Ford’s Bridgend engine plant could reduce its workforce in four years' time as a result of plans to shrink its production output from 2021.
The south Wales facility was due to receive £181 million of investment last year but that was reduced to £100m due to a changing market. Supply for the four-cylinder Ecoboost engine produced at Bridgend is expected to fall, partly because of the predicted growth in demand for the three-pot Ecoboost unit that will be used in models such as the 2018 Fiesta ST.
Ford said these changes in supply mean that it's uncertain of output levels for the site from 2021. It also said Bridgend's workload is likely to reduce with the introduction of a new engine range called Dragon.
In an official statement, the car maker said: “We have shared the five-year outlook with our union partners, based on what we know today. This shows healthy volumes to occupy the current workforce over the next two to three years. Beyond that, identified workload is reduced and whilst such a forecast is not unusual, given the cyclical nature of our business, it is a concern, and we fully understand that.”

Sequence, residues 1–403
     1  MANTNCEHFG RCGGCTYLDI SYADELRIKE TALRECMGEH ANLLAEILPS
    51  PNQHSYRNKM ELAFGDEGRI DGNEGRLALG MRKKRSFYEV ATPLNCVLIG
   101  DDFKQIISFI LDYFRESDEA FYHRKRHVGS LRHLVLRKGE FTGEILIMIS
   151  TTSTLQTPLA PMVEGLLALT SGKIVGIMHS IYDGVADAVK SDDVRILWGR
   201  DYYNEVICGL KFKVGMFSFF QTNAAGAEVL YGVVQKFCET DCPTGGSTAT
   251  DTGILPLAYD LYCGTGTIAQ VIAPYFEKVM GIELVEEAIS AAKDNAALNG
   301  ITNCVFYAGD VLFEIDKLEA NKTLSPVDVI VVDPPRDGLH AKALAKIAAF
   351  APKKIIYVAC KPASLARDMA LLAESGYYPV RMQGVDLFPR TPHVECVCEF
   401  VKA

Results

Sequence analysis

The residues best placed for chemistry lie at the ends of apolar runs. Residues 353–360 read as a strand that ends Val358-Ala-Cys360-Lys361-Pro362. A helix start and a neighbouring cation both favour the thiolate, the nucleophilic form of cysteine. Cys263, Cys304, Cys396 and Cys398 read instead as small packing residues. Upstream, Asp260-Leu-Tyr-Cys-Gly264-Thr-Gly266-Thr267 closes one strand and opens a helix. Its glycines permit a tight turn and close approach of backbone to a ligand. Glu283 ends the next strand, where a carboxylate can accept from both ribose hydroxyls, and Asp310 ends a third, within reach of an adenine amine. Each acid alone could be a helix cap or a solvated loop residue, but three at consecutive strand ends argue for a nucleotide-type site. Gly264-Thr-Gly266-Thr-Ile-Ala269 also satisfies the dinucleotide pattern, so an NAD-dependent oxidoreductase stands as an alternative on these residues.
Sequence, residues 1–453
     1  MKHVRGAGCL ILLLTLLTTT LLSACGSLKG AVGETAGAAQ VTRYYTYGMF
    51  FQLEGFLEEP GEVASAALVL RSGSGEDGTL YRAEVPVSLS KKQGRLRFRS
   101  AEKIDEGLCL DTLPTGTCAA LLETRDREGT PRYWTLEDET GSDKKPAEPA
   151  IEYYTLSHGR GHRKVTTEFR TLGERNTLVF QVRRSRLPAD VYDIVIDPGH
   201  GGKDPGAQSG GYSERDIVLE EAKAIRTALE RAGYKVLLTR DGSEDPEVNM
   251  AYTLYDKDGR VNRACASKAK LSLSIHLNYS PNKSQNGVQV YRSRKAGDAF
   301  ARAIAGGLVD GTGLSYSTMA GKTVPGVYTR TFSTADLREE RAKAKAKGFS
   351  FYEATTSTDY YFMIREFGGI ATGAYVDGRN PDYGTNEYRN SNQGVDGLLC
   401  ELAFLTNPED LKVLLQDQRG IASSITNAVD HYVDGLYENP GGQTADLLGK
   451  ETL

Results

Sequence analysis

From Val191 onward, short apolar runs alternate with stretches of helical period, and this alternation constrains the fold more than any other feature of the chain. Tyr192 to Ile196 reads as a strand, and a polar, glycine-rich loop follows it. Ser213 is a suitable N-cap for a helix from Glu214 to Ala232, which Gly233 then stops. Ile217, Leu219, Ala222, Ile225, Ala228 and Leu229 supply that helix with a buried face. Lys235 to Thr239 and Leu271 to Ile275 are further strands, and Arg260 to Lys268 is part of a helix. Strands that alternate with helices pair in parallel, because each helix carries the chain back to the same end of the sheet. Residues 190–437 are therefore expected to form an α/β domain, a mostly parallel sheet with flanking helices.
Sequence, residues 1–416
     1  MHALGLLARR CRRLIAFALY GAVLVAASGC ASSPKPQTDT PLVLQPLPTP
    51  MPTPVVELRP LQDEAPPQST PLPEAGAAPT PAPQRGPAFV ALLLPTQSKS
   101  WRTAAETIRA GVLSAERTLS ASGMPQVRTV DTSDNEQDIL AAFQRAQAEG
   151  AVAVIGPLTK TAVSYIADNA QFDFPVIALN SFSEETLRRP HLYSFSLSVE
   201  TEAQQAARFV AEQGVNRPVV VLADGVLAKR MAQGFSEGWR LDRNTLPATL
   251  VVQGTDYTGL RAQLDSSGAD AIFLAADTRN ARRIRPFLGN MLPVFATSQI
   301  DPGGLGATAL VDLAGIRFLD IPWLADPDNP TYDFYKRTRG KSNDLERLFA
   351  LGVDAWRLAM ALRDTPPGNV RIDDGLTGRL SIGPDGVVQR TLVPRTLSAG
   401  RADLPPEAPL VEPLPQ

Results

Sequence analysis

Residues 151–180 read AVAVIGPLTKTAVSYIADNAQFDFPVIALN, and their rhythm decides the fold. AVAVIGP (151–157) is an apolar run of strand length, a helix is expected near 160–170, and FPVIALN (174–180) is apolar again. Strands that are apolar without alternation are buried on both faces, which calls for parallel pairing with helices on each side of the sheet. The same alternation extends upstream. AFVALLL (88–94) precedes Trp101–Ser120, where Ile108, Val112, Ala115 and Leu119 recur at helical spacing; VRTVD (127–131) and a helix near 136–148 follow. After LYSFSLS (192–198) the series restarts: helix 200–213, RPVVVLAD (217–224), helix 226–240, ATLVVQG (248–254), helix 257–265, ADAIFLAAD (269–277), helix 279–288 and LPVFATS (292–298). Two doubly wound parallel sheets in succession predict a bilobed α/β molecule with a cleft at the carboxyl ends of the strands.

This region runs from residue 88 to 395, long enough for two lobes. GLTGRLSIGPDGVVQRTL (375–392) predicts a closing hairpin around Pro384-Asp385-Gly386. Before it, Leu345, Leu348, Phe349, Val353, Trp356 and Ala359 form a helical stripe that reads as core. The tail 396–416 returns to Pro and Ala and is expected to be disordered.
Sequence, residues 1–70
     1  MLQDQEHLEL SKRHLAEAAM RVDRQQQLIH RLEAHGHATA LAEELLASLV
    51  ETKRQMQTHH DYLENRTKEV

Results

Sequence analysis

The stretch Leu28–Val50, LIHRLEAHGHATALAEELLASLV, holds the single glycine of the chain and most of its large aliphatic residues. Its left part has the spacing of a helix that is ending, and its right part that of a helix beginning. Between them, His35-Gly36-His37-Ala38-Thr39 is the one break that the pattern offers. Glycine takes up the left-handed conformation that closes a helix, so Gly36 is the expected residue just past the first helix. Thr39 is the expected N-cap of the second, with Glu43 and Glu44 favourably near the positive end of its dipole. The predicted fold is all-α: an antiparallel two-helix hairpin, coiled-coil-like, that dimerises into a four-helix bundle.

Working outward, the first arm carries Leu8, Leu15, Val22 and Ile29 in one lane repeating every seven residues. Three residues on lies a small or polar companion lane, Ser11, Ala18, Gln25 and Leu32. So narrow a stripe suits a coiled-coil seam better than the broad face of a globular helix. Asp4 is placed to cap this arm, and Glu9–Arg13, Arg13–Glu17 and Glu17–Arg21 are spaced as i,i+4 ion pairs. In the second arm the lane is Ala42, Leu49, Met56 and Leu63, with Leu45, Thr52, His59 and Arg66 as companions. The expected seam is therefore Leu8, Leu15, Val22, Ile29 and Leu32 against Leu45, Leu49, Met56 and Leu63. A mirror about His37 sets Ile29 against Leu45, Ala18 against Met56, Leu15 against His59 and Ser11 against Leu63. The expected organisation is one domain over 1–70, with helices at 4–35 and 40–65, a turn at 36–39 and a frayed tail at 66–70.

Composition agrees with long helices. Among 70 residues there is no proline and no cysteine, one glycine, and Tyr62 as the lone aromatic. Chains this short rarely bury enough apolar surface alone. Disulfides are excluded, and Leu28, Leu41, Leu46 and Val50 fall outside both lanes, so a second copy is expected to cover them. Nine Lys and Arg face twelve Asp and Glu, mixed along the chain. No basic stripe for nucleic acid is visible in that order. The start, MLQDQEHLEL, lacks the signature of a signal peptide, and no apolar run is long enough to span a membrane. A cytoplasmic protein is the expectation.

The UK’s Unite workers' union has responded by saying it will use “all its might” to fight for the future of Bridgend’s 1980 workers. It warns that job losses could reach 1100 if action is not taken to ensure output remains strong at the site, claiming the current output of 511,000 engines a year would reduce to 125,000 with the introduction of Dragon.
Unite general secretary Len McCluskey said: “Ford workers at Bridgend have every right to feel angry over the company’s behaviour. This loyal workforce and their union have been kept in the dark over recent months. But the focus now has to be saving these jobs.”
Ford has formed a working partnership with the Unite and GMB unions to identify future business opportunities for Bridgend. The car maker said: “It goes without saying that, in order to attract new business, the Bridgend operation would need to ensure its competitiveness, and addressing some of the current concerns relating to the plant’s efficiency would be high on the agenda.”
Unite labelled Britain’s decision to leave the European Union as a push factor for Ford’s decision. McCluskey said: “I appeal again to the Westminster government and Theresa May to make it categorically clear without delay that there will be tariff-free access to the single market and customs union.
“The uncertainty the UK’s automotive sector is enduring is having damaging real-life consequences now, before talks have even begun.”